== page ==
- Blade Lockup
- Blaster bolt deflect, random segment flare like CF-LS
- different hum FXs -> either synchronised random flicker or "blaze" effect, because I like the Kylo Ren saber flicker and with LED strings I can simulate that
- 7.4V battery setup
- 3W speaker output (4Ohm or 8Ohm) -> extremely loud! At the end I was amazed, that the mp3 player I choose was the only one capable of gapless playback, was by far the smallest and had the most powerful audio driver
- programming through mini-USB port
- small enough to fit into most saber hilts
My target was to design something like a PC-LS and looking at the set of features I'm happy with the outcome.

It was fun!!!

What I still plan:
- next step is a color changing saber using HP LED's. Since the board concept has up to 6 "power extenders", this would be less demanding than the LED string. Only 4 would be needed (RGBW). In my estimate a color changing setup would only need software changes and ~2 weeks time (working in the evenings). But first I need to make a hilt for that (I plan a saber staff).
- I will explore how the flickering/FX's can be synchronised with the sounds, e.g. sampling the sound and adjusting the drive accordingly.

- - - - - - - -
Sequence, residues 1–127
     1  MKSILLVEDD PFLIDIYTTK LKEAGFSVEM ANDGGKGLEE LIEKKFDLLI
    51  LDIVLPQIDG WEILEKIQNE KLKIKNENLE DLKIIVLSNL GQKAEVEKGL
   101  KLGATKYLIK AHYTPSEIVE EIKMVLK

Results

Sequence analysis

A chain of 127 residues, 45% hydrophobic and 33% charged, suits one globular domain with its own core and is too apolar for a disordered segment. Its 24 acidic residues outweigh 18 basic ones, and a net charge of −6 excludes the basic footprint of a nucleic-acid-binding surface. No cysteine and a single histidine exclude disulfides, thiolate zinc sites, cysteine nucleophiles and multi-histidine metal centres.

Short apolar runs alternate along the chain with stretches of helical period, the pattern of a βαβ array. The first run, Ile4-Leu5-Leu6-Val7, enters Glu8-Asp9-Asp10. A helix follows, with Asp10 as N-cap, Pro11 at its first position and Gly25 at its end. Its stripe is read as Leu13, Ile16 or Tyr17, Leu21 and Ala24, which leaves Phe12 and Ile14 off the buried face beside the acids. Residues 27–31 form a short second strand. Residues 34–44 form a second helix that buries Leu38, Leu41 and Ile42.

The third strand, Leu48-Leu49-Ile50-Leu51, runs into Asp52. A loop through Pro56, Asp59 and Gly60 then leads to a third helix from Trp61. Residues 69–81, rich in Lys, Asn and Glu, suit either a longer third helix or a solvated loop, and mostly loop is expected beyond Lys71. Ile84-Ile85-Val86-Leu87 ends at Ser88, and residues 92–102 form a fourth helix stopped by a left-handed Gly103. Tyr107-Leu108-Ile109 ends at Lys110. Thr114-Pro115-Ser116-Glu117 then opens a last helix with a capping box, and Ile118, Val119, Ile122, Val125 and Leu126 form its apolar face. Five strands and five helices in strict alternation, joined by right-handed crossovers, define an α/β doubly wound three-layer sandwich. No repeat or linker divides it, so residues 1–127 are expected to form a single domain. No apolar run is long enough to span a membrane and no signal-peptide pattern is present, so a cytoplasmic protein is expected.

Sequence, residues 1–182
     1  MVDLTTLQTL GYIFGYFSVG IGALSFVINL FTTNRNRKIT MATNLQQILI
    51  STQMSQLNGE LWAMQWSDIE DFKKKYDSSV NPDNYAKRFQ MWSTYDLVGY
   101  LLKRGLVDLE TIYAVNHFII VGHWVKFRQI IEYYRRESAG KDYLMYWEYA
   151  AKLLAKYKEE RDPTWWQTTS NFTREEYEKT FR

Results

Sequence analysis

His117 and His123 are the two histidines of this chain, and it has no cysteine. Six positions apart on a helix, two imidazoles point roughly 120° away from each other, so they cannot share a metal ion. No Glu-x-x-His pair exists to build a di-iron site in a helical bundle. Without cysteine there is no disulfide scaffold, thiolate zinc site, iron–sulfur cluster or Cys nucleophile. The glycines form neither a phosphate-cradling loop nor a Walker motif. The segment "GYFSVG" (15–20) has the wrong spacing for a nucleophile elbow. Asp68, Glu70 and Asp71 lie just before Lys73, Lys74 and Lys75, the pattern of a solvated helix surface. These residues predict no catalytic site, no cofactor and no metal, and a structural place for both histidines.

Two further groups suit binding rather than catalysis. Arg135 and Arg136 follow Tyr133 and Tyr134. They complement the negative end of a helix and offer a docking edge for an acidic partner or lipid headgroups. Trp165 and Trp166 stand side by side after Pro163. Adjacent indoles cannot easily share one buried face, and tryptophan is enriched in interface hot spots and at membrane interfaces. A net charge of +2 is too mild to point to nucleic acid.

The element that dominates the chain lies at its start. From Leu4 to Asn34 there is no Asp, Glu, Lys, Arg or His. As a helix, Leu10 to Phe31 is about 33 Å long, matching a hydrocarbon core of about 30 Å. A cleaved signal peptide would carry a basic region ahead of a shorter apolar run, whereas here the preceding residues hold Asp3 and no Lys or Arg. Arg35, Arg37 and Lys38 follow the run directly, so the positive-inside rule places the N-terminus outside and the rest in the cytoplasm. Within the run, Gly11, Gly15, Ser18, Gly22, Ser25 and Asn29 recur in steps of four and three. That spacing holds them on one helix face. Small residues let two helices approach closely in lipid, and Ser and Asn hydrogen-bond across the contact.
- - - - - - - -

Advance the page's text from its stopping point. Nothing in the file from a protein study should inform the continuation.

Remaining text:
- store settings in EEPROM to "remember" certain settings like SF used or for a color changing saber the mix for each SF/setup
- the motion engine I programmed is still rudimentary, it can detect swings and clashes but it's still far from reliable and uses only a bare minimum of the capabilities of the sensor. I definitely plan on utilizing more features like interrupt based clash, better flow gesture recognition
- better use of on-board memory space -> currently this is the biggest challange, each like of extra code can play mischief with the way the saber works, simply because the board runs out of dynamic memory and starts behaving erratically.

I have to say after building my own electronics I'm even in a bigger awe of the likes of Erv who developed a way more sophisticated and stable product. I can now fully appreciate the work they invested!

11-23-2015, 12:59 PM